Widely distributed in Europe, this plant was brought to the United States by the first settlers, and took root quite easily due to its unpretentiousness. However, pine did not become a common crop in the North American open spaces. It is often used as an ornamental and Christmas tree, for which it is specially grown in nurseries. It tolerates transportation well, and then, decorated with balls and funny toys, gives joy to lovers of live Christmas trees for several weeks. It also looks great as an element of landscape design in suburban areas.

Volatile phytoncides of Scotch pine purify the air well, and the buds have a pleasant resinous smell. The tree is not in vain considered healing. Decoctions, teas, oils and many other products that it generously gives have long been used by people to treat many diseases, especially colds. So a small Christmas tree is of great benefit. Scotch pine (Russian) can be purchased both in cut form and with roots for planting on the site.

Virgin pine Pinus virginiana

The tree is endemic to the USA. It was brought to Europe in the middle of the 18th century. This is a small tree (up to 33 m in height), which reproduces mainly by seeds. In the southern states - Pennsylvania, Alabama, Georgia - this is the most popular Christmas tree. Moreover, in the 80s of the twentieth century, genetically improved varieties were bred specifically for using the tree as a New Year's tree.

Virginia pine

Strong flexible branches are well cut. Paired needles are quite sharp, have a yellowish tint, are twisted in shape, and are inferior in length to other types of pine (from 2.5 to 7 cm). In young trees, the crown is pyramidal, and then acquires a rounded shape with gradually descending paws. After a few years, the lower part of the trunk is exposed.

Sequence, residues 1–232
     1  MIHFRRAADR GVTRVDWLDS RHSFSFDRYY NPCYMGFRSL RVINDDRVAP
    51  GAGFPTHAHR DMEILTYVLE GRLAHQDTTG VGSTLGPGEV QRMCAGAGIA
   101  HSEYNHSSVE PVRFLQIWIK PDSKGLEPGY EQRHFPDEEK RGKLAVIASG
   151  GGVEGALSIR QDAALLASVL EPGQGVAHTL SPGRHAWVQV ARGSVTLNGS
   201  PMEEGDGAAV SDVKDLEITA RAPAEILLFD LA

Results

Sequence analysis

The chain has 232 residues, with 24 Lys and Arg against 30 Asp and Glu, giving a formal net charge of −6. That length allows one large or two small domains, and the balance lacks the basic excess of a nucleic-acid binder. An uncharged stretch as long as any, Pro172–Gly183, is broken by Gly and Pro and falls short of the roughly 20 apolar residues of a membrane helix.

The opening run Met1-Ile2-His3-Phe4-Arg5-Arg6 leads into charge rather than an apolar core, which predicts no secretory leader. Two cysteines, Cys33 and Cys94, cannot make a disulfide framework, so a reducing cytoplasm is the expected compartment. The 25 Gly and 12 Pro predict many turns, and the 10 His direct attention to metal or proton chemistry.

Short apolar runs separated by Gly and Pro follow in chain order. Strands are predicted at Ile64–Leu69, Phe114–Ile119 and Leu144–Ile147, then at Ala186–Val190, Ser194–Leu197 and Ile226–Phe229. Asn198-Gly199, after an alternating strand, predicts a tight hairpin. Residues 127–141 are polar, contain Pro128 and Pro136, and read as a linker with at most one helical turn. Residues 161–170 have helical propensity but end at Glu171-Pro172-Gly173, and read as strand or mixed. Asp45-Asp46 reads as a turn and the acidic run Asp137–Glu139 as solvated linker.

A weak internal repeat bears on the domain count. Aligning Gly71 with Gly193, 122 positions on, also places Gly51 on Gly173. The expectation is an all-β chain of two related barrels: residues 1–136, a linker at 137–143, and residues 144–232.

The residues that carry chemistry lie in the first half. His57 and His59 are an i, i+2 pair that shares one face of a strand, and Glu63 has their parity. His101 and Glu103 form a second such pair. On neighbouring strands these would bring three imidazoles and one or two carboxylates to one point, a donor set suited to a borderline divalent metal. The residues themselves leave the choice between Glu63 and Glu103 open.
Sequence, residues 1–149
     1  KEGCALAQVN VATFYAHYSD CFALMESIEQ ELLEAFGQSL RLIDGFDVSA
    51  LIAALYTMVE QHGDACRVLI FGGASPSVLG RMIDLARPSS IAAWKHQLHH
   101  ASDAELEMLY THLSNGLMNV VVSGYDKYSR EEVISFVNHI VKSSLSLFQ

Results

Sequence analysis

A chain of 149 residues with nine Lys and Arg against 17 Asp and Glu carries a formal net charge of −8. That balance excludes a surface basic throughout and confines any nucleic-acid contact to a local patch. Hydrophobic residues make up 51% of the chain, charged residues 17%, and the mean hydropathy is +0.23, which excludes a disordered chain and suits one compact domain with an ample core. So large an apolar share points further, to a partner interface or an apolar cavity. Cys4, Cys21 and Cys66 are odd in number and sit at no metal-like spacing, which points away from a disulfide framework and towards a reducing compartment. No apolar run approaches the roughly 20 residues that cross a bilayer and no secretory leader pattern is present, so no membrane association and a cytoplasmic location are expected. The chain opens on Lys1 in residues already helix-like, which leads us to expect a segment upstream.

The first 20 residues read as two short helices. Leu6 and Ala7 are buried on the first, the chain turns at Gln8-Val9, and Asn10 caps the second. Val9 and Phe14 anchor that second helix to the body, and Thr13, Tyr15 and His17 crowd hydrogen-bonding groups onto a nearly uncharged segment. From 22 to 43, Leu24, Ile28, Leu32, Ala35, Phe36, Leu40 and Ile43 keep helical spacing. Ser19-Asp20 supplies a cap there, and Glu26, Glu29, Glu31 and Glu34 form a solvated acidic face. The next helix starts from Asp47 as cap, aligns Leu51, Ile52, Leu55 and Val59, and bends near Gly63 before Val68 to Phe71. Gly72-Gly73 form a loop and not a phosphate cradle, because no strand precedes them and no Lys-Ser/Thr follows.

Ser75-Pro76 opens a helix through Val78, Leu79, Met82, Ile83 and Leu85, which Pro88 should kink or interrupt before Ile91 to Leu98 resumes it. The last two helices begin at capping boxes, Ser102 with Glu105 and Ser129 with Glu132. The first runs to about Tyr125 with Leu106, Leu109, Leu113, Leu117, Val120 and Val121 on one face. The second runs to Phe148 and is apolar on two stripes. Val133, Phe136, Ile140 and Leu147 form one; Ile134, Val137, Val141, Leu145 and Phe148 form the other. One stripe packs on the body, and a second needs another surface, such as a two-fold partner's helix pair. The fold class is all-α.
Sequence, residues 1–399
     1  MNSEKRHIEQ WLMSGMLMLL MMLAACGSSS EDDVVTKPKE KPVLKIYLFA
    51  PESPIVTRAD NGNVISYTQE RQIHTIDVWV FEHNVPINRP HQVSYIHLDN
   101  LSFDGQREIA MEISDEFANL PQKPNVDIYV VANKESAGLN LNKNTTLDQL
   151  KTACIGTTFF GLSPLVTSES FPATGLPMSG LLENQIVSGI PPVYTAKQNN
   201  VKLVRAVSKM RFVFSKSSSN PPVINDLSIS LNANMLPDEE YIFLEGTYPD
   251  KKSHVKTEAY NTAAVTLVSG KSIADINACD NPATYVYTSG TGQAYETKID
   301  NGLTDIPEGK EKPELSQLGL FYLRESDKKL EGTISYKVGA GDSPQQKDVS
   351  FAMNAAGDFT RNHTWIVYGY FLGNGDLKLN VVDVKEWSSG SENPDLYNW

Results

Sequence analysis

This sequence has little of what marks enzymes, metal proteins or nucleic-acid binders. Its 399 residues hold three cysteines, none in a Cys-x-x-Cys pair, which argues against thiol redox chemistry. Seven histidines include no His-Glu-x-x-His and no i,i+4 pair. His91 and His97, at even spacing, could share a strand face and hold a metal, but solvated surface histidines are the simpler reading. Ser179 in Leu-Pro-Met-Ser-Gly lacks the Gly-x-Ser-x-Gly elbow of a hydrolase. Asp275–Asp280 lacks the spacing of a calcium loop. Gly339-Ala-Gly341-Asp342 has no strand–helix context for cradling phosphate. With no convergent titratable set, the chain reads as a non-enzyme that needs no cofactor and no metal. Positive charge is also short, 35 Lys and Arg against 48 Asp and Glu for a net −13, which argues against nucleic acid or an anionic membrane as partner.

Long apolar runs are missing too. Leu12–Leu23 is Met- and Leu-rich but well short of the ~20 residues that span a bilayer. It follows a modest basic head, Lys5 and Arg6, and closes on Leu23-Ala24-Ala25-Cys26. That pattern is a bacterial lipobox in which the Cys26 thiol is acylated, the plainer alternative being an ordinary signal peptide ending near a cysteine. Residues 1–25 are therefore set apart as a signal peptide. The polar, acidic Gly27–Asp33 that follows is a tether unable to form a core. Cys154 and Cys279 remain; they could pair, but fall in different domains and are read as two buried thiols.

Canadian lodgepole pine Pinus contorta

A Western American coniferous tree with a cone-shaped rather wide crown is distinguished by its vitality and unpretentiousness. Grows in the mountains and on rocky soils in Oregon, Utah, Colorado. Under the influence of the wind, the trunk can bend, which determined the name of this species. This is especially true for varieties in the form of a bush.

lodgepole pine, photo of needles

Thin branches sometimes have a curved shape. In a young tree, they stretch up, and over time, the lower paws fall, which gives the pine a picturesque look. The needles are collected in two pieces in a bundle, thin, long (up to 8 cm), dark green, strongly twisted. The tips can be both pointed and smoothed.

The tree was brought to Europe, and from there to Russia. And we know it as Canadian pine, and is used mainly as a decorative element of the landscape. You can also buy it on our website as a cut Christmas tree, and for planting on the site.

Black pine Pinus nigra

Black pine in the park, photo of needles